Suppose person$_1$ has $a$ coins and person$_2$ has $b < a$ coins. They play a game (where there's no draw) in which the winner, who wins with probability $1/2$, receives a coin from the loser. The game continues until one loses all the coins. What's the probability that person$_1$ wins?

I think these are called random walks. If we look at the game from $1$'s perspective, whenever he reaches $0$, he loses (and the game ends) and whenever he reaches $a+b$, he wins (and the game ends). Define $p_k$ as the probability that he reaches $k$. We need to calculate $p_{a+b}$.

I figured that

  • $p_{k} = 0.5 p_{k-1} + 0.5 p_{k+1}$ for $k \in [2,a+b-2]$ (which is a difference equation)
  • $p_{a+b} = 0.5 p_{a+b-1} = 0.5^2 p_{a+b-2}$
  • $p_0 = 0.5 p_1 = 0.5^2 p_2$

How do I proceed from here?

I am strictly looking to solve this recursion and not a different one.


3 Answers 3


The standard technique for solving linear recurrences is already mentioned in @Godfather's answer. However in this instance, a slight modification to your definition of $p_n$ would yield a simpler solution even though the recursion equation would be the same.

Suppose, instead, you define $p_n$ as the probability that a player wins if they have $n$ coins. Note that your recursion equation

$$p_k^{\color{white}{\text{x}}} = \frac{1}{2} \, p_{k-1}^{\color{white}{\text{x}}} + \frac{1}{2} \, p_{k+1}^{\color{white}{\text{x}}}$$

would still hold, but this time for $k \in [1, a+b-1]$. Also note that with this definition, we have the much simpler initial conditions $p_0^{\color{white}{\text{x}}}=0$ and $p_{a+b}^{\color{white}{\text{x}}}=1$.

The recursion equation implies the sequence of probabilities is arithmetic (I'm not sure whether that's what you meant when you said it was a 'difference equation'), and combining this with the initial conditions immediately gives us that

$$p_k^{\color{white}{\text{x}}} = \frac{k}{a+b}$$

so that the probability player 1 wins is $\frac{a}{a+b}$.

  • $\begingroup$ I am aware of this solution and hence mentioned that I'm strictly looking to solve that recursion. What I meant by the difference eq. is $p_{k+1} - p_k = p_k - p_{k-1}$. I'm sorry I can't accept your answer despite the effort you put in; hope you understand. $\endgroup$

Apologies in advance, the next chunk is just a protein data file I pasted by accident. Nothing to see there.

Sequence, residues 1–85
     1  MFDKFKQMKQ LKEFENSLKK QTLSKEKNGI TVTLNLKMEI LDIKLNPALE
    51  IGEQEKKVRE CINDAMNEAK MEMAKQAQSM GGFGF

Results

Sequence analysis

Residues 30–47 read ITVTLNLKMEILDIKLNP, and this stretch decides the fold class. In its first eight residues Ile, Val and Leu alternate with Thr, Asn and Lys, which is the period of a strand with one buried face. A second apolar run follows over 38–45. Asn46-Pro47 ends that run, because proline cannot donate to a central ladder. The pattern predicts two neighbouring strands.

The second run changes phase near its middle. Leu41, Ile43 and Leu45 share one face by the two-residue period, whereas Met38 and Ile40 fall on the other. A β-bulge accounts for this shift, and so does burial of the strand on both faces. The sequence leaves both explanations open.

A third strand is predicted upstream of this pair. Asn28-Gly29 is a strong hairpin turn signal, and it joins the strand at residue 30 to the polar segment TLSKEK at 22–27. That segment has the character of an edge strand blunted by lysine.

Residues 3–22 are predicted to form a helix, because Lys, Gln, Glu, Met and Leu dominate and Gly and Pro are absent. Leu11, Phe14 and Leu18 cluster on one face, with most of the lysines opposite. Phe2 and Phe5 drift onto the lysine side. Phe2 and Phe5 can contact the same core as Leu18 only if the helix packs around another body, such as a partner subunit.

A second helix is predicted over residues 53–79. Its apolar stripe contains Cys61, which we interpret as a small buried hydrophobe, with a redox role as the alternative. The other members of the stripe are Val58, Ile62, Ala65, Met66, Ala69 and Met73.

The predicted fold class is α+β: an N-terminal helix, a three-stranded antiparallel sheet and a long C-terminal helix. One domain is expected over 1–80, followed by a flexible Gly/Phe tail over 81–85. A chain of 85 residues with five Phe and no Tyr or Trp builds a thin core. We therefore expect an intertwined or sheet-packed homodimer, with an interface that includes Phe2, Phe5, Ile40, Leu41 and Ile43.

– supremacy
    Apr 21, 2023 at 9:04
  • $\begingroup$ No worries; the standard technique will easily yield the equation $p_k=\alpha + \beta k$, but I don't think your initial conditions will prove sufficient to determine $\alpha$ and $\beta$. $\endgroup$
    – A.J.
    Apr 21, 2023 at 9:18
  • $\begingroup$ Also, another potential issue that just popped into my head is that by using your definition of $p_k$, would $p_a = 1$? That would imply that $p_{a-1} + p_{a+1} = 2$ which of course can't be true. Perhaps $p_a$ would have to be the probability of returning to $a$, I'm not sure. $\endgroup$
    – A.J.
    Apr 21, 2023 at 9:38
  • $\begingroup$ You're right, even I'm confused about the initial condition. $p_a$ is the probability that he starts at $a$ or he comes from one of $\{a-1, a+1\}$. I don't know how to write that properly. I feel like it's $p_a = 1 + 0.5(p_{a-1} + p_{a+1})$, but then it suggests that $p_{a-1} = p_{a+1} = 0$ which can't be true, right? $\endgroup$
    – supremacy
    Apr 22, 2023 at 9:17
  • $\begingroup$ Yes, it seems like the only way to reasonably define $p_a$ is as the probability of getting back to $a$ after the first game. But then you still have the problem that the initial conditions you have aren't sufficient (as far as I can see, anyway) to solve the recursion. It may just be that defining $p_k$ this way is simply not viable. $\endgroup$
    – A.J.
    Apr 22, 2023 at 20:34

To solve $p_k = \alpha p_{k-1} + \beta p_{k+1}$, a linear homogenous recurrence, you have to find the roots of the characteristic equation:

$1 = \alpha/x + \beta x$, rearranged as

$\beta x^2 -x + \alpha =0$

Given the two roots of this equation ($r_1, r_2$), your result will be of the form:

$p_k = c_1 r_1^k + c_2 r_2^k$

You can compute $r_1, r_2$ using the standard quadratic formula. Then compute $c_1$ and $c_2$ using your initial conditions (since you know $p_0$ and $p_{a+b}$)

  • $\begingroup$ I jumped into the solution because it's a standard technique for solving such recurrences. But it maybe helpful to do some background reading on why this works. Not sure about your background, but I can help you dig up some references if you need help $\endgroup$
    – Godfather
    Apr 20, 2023 at 23:19

P(Person 1 wins) = { sum from k=ceil((a - b)/2) to a - b of (a - b choose k) / 2^(a - b) } if a - b is odd

P(Person 1 wins) = 1/2 if a - b is even

  • 1
    $\begingroup$ You're saying that if person 1 has 99 coins and person 2 just has 1 coin, then they're equally likely to win? $\endgroup$ Apr 20, 2023 at 22:51

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